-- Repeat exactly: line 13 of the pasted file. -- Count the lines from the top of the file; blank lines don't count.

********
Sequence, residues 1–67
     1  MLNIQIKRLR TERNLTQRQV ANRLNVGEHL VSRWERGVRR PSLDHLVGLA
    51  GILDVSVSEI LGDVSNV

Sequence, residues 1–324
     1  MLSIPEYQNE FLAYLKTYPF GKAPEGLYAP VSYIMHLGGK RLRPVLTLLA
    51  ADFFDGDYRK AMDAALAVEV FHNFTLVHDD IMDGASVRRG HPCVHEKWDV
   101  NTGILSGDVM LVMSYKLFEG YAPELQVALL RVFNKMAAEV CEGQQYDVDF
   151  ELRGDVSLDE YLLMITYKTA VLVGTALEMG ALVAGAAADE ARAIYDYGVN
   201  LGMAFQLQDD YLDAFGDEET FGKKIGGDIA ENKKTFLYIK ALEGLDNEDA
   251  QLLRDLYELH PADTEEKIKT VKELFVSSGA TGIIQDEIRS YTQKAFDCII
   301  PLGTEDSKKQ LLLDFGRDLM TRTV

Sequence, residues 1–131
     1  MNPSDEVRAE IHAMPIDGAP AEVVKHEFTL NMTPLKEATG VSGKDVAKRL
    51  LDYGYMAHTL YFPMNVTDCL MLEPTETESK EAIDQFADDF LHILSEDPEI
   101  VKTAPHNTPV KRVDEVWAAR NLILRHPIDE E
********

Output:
     1  MNPSDEVRAE IHAMPIDGAP AEVVKHEFTL NMTPLKEATG VSGKDVAKRL